What to Expect with Procedures


Facet Block


Facet joints are located behind, and between, your spine’s vertebras and are responsible for your spine’s motion and flexibility. After undergoing millions of turning motions every year, these joints and their layer of cartilage can break down, particularly as you get older.

Facet Blocks can help the pain you experience in your lower back, mid-back and neck area, making it easier for you to exercise and participate in physical therapy sessions. This procedure tends to be very helpful for patients experiencing axial back and / or neck pain.

Facet disease symptoms can mimic stress fractures, strained muscles and slipped discs, making a self-diagnosis tricky. Symptoms might include inflammation, lower back pain, muscle spasms, swelling and joint or muscle stiffness. Your doctor will decide if this injection is right for your condition.

There are two different types of facet blocks. One is called an intra-articular injection. This requires the placement of steroid inside the facet joint. The second is a medial branch block. In this procedure, the nerves that give the sensation to the joint areas blocked to provide pain relief. Ask your doctor which will be the best option for you.

Will the Facet Block cure my pain?

No, the procedure will help to lessen your pain, making it easier for you to participate in physical therapy to help improve your condition. How much relief, and for how long, varies among patients depending on what Facet Block was used, other medical conditions, how long you been having this problem, etc.

Are there any side effects or complications?

Yes, Facet Blocks are very safe but as with any other medical procedure, it has risk. Risks with this block are very rare, but serious complications, such as infection, allergy reaction, and nerve damage might happen.

How is a Facet Block done?

First the skin will be cleaned with a special solution; this will feel cold. Then your skin will be numbed with a local anesthetic; this will induce a stinging and burning sensation.

During the Facet Block, 1 to 4 small needles are placed and advanced to the facet joint or the medial branch (the nerve that gives sensation to the facet joint). Since the skin is numb from the local anesthesia, you might feel mild discomfort or pressure. If you feel pain let the staff know.

The time required to do the procedure varies from patient to patient, but it will usually take 15-20 minutes.

When can I go back to my normal activities?

As soon as possible. The staff in the clinic will provide you with care instructions after the injection. Please follow them. We prefer you go back to your normal activities as soon as the next day. It is very important to keep your body active.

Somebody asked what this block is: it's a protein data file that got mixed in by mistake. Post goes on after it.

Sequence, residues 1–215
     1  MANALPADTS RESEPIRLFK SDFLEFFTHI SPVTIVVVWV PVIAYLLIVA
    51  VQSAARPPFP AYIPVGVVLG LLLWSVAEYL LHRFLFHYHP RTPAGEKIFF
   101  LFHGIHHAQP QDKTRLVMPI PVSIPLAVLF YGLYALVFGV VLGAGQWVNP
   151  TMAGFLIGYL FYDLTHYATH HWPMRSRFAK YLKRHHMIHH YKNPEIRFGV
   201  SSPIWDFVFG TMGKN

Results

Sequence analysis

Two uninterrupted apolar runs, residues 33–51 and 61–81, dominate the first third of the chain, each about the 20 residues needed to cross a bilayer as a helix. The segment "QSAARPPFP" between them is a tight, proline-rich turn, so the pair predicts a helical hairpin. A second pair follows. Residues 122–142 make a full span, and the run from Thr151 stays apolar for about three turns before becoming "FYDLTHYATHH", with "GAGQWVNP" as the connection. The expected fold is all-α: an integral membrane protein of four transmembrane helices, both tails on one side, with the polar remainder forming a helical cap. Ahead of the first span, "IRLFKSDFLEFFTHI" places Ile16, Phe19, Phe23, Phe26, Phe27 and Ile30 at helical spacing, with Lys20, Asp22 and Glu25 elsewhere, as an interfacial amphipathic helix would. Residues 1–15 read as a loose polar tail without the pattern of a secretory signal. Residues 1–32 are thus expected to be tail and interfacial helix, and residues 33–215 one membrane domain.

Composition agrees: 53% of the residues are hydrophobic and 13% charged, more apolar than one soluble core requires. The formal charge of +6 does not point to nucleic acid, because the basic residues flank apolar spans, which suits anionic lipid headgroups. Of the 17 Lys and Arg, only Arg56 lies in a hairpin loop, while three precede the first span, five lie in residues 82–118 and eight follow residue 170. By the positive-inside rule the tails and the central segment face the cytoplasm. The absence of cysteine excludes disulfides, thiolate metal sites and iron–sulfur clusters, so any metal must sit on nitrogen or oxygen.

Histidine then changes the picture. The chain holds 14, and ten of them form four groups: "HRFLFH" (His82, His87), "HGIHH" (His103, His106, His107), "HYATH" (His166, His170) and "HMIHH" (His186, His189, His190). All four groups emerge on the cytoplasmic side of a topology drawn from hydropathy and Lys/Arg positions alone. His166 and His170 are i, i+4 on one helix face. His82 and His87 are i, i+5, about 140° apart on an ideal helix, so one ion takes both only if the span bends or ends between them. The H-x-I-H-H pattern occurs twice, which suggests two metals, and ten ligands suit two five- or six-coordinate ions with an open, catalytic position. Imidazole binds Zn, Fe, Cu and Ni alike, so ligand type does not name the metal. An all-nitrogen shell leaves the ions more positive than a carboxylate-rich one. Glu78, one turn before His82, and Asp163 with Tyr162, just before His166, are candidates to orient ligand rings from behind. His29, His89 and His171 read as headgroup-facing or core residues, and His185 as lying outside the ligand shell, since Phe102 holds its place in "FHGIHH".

Is it safe?

Yes, but as mentioned before, complications might occur, as well as side effects for the steroids (intra-articular injection). Rare but serious complications can occur, such as nerve damage, infection or bleeding. Our staff will discuss in detail the risk and benefits before scheduling this injection.

Will the Facet Block prevent me from having surgery?

The procedure is to lessen your pain, not to prevent surgery, since pain may or may not be the reason for the surgery. Talk to the doctor before the procedure if you have any doubts about this.

I have had a Facet Block before and it did not help. Should I do another one?

It will vary from patient to patient, but in some cases, a second could be helpful. Talk to your doctor about the possibility of another injection.

What about if the procedure does not alleviate my pain?

There are other therapies that we can use to manage your pain. Using different methods to treat your pain is the most successful way to relieve your pain and improve your quality of life. Other strategies to treat your pain include exercise, relaxation, and changing negative thought patterns can help you cope better with pain.

Who should not have the injection?

  • If you are pregnant or breastfeeding.
  • If you have a severe allergic reaction to local anesthetics or steroids.
  • If you are taking a blood thinner, such as Warfarin (Coumadin), Enoxaparin (Lovenox), Clopidogrel (Plavix), etc; and your medical condition does not allow us to stop it a few days prior to the procedure.
  • If you develop fever or any infection.

Contact our office if YOU experience:

  • A severe headache
  • A fever
  • Pain that is more severe than prior to the injection
  • Increased back pain or back stiffness
  • Go to the nearest Emergency Department or call 911 if you develop any new numbness, weakness, paralysis in your arms or legs or lose control of your bladder or bowels.

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